Using some ms-batch scripts, defining appropriate labels for the table types and after a few minor manual corrections, the relation between output files, the corresponding images, and table types was described. As a result, we created 33,034 unique output files, which correspond to 28,765 image files.

3.2.3 Assigning Version Numbers to Output Files

The final step of post-processing was to assign version numbers to the output files. The 33,034 unique output files received the version number V0 if they were unique for the corresponding image. Otherwise, they received version number V1. For the V1 files, companion files got version numbers V2, etc. For end-users of the dataset, only the V0 and V1 versions are accessible. V1 files indicate that an earlier version is available at dans if users would want to check the version history. The output files are consistently available in Excel and in csv format.

3.2.4 Post-Processing – a Procedure and a Method of Documentation

The process of post-processing illustrates the tedious attempt to get grip on this large dataset. By repeated sorting, counting, and comparison between extensive file lists, we searched for unexpected patterns in the sets of files. If we found any “inconsistencies”, they have been corrected. The results of the corrections were checked by a systematic comparison of file lists “before” and “after” correction.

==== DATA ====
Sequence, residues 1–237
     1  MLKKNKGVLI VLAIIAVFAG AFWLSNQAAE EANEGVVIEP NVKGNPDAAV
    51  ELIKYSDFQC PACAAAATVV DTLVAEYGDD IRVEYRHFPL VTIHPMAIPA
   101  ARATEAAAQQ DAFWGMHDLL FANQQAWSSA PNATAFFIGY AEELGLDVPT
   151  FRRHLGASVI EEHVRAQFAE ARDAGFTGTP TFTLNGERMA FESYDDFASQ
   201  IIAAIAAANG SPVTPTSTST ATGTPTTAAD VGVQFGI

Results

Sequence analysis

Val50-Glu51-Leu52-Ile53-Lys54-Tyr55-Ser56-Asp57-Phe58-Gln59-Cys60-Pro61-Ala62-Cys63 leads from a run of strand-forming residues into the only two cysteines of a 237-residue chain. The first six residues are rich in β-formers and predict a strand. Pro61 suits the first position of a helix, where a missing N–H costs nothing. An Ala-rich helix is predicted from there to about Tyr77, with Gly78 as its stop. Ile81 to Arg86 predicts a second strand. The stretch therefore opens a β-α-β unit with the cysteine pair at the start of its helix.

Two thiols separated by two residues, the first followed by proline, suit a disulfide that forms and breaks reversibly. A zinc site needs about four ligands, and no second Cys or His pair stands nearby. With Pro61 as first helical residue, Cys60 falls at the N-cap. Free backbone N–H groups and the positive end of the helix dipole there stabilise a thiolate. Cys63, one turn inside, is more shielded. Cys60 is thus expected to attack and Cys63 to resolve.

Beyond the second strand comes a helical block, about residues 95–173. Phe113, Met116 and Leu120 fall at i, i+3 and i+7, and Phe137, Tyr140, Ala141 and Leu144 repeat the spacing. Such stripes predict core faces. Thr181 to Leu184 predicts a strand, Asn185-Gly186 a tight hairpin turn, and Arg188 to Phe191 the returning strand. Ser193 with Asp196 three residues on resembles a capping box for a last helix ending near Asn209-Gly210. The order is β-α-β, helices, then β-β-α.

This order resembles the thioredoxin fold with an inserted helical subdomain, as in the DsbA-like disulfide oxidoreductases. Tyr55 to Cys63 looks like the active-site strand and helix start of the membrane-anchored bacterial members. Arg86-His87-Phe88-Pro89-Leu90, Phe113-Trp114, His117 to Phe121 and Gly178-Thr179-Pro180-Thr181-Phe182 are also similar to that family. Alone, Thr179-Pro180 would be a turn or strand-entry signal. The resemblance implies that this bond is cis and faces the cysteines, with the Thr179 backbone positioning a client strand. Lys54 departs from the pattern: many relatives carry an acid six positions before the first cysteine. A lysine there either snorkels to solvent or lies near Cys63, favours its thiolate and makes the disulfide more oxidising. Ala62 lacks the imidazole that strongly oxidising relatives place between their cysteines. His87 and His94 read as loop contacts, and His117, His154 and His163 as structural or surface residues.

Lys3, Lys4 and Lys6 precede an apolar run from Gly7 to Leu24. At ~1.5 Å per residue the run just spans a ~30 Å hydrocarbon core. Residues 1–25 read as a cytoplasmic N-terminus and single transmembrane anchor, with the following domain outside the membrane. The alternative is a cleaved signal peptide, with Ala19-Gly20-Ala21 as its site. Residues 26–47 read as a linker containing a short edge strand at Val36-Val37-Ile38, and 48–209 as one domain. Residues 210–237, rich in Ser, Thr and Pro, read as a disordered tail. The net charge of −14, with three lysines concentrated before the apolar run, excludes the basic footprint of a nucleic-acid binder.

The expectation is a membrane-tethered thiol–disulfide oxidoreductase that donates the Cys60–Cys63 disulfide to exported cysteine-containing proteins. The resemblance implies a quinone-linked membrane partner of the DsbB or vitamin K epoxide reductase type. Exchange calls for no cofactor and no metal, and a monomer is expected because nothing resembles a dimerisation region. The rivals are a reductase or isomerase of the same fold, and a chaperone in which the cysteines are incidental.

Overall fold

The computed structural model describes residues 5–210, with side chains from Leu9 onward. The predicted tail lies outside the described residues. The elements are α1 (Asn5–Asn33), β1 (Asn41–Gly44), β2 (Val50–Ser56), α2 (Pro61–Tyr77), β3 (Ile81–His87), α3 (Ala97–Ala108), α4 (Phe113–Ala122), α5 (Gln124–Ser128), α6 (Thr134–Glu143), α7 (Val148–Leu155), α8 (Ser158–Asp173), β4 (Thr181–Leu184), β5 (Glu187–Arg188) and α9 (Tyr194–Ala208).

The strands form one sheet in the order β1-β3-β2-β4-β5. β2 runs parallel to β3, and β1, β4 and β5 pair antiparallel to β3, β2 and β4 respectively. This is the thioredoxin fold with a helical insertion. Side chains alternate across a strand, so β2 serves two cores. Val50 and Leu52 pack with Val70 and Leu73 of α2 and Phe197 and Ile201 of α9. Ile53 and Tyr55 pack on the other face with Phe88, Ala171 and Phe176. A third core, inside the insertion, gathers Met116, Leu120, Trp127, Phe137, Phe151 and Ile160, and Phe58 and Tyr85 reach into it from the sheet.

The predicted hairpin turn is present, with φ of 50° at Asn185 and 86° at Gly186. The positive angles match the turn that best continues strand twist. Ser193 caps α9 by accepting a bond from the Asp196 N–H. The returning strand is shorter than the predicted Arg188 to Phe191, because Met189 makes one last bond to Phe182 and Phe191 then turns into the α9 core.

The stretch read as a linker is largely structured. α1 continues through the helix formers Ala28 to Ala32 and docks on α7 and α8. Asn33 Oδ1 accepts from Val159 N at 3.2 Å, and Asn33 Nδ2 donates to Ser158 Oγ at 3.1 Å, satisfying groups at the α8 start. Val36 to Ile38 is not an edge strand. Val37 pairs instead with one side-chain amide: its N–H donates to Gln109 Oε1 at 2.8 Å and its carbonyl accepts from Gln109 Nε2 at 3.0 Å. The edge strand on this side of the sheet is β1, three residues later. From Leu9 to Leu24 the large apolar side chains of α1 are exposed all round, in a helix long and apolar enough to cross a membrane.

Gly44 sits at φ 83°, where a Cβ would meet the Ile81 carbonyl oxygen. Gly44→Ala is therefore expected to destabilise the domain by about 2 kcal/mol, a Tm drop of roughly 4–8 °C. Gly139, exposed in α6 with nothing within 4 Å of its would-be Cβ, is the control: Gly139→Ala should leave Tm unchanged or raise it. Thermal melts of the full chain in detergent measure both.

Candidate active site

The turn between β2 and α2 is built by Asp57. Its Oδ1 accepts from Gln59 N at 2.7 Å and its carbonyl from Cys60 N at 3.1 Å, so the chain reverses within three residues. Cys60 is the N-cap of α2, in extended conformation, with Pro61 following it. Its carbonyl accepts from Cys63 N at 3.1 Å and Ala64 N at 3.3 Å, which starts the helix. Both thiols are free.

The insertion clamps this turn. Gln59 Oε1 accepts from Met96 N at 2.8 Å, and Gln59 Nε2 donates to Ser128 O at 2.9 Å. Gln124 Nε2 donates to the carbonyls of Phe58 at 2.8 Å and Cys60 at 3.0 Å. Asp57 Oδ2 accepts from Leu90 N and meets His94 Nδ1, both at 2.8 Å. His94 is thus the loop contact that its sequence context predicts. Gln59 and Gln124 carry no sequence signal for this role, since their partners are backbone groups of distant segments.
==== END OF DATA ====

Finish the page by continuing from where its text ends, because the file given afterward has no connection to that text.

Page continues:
Reproducibility of such a process requires adequate documentation, of course. The overall process is described in a series of tables (Excel workbooks) with accompanying documentation. The documentation describes the composition of the tables in the Excel workbooks step by step, worksheet by worksheet. Corrections concerning a moderate number of files were executed interactively and documented in the relevant Excel workbook. Corrections concerning a larger number of files were executed by way of ms-batch scripts and documented internally in the scripts. The documentation of all this is contained in some 60 Excel worksheets and more than 60 auxiliary documentation files.

3.3 Archiving and Presenting